A high-profile alleged affiliate of both the MS13 street gang and Texis Cartel drug traffickers has been acquitted in El Salvador, highlighting once again the difficulty Salvadoran prosecutors have in building successful cases against powerful organized crime operators.
On March 1, a judge in El Salvador absolved José Misael Cisneros, alias “Medio Millón,” of involvement in two murders, reported El Diario de Hoy.
The judge indicated there was not sufficient evidence to convict after two key witnesses for the prosecution unexpectedly withdrew at the last minute citing security concerns.
Medio Millón was first arrested on murder and weapons charges in 2012, but released after prosecutor’s failed to bring a case against him. He was re-arrested in September 2015 and despite his acquittal, he remains in custody as he still faces active money laundering charges.
In 2013, the US Treasury Department placed sanctions on Medio Millón for his alleged roles with the Mara Salvatrucha (MS13) street gang and as a transnational drug trafficker. Additionally, he is thought to be an active affiliate of the Texis Cartel, a powerful drug trafficking and money laundering organization with links to the Salvadoran elite.
InSight Crime Analysis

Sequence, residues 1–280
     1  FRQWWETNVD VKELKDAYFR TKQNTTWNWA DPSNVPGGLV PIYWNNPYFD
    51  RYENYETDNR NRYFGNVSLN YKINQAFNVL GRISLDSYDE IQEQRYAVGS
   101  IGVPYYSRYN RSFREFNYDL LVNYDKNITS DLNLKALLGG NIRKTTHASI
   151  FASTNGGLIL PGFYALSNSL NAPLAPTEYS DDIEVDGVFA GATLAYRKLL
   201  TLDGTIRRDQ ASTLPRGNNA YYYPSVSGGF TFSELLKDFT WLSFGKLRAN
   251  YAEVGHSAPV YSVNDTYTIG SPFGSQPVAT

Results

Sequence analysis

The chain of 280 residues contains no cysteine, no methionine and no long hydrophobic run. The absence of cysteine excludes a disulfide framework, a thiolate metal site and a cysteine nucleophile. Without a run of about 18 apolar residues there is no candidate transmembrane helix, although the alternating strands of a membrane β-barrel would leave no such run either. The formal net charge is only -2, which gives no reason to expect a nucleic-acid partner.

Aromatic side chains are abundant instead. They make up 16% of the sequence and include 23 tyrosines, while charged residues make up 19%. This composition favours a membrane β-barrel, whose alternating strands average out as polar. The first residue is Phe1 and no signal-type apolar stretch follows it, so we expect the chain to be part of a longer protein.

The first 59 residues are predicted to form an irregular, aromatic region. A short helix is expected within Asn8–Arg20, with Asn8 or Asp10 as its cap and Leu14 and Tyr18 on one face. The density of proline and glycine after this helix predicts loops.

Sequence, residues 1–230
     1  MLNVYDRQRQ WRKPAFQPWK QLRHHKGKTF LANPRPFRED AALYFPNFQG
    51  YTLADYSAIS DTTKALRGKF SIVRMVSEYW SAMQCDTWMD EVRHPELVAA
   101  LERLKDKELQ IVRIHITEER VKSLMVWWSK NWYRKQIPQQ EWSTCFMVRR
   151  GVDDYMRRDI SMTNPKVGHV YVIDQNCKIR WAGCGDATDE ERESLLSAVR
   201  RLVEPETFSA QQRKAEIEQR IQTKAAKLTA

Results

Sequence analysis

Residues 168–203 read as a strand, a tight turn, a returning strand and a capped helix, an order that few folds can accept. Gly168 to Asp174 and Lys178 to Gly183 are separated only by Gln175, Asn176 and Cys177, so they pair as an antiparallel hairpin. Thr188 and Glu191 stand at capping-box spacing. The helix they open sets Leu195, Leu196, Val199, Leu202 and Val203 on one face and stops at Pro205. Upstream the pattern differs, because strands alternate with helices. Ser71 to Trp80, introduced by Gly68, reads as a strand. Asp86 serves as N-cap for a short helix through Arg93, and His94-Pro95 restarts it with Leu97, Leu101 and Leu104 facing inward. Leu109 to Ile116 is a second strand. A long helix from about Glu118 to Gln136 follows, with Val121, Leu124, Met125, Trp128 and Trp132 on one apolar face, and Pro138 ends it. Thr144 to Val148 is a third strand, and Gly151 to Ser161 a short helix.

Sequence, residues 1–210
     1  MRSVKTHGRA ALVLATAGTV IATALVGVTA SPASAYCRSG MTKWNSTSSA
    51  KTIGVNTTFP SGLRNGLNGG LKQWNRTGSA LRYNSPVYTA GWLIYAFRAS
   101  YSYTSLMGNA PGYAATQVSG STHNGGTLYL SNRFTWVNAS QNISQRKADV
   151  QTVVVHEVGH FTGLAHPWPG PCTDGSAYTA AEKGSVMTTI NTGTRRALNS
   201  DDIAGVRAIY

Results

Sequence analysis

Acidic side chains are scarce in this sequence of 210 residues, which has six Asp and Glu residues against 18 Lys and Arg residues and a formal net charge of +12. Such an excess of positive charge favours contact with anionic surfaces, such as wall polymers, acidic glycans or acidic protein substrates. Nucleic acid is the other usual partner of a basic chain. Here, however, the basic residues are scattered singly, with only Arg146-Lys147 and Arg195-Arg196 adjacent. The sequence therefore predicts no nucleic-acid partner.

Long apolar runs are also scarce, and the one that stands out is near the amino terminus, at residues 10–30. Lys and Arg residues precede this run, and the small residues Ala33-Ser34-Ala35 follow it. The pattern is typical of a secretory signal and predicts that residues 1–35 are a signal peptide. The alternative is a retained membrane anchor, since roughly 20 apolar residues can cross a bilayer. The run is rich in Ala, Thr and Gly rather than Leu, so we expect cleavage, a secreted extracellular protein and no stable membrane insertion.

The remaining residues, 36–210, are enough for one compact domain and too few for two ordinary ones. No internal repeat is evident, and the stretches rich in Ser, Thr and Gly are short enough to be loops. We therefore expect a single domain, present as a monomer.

This latest failure to secure a conviction against Medio Millón speaks to larger concerns about prosecutorial incompetence and widespread impunity in El Salvador’s justice system.
Hector Silva, an El Salvador organized crime expert and long-time InSight Crime contributor, suggests that at one level the prosecutors simply did a poor job of constructing a case against Medio Millón.
“Witnesses refusing to testify in-person is something that happens all the time in sensitive cases like this. The prosecution should have been prepared,” he said.
However, at a deeper level, Silva fears that this is another example of powerful organized crime operators benefiting from a system of institutionalized impunity.
SEE ALSO: Texis Cartel Profile
Former El Salvador Attorney General Luis Martínez, who lost his reappointment bid earlier this year to current Attorney General Douglas Meléndez, was dogged by corruption allegations and accusations he had intentionally derailed a money laundering investigation into Jose Adan Salazar Umaña, alias “El Chepe Diablo,” one of the main alleged Texis Cartel figures. The case against Medio Millón, also a presumed Texis Cartel affiliate, was built during former Martínez’s tenure.
While it may be unfair to judge the newly installed attorney general on the outcome of a case built under his predecessor, Silva noted that he has not seen any evidence to suggest that the current Attorney General’s Office is changing strategy or pursuing new cases in a way that suggests a significant departure from the past. “Impunity rules,” he said.